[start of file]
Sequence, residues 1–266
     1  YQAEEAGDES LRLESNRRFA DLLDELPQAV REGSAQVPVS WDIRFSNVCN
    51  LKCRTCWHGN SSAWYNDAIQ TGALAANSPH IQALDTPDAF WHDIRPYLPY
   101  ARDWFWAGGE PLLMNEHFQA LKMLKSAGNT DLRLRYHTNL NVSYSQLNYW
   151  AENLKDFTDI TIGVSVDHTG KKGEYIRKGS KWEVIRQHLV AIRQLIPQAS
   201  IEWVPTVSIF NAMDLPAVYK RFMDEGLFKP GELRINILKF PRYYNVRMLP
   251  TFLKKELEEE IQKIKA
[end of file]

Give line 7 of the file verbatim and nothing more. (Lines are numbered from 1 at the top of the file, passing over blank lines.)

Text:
   251  TFLKKELEEE IQKIKA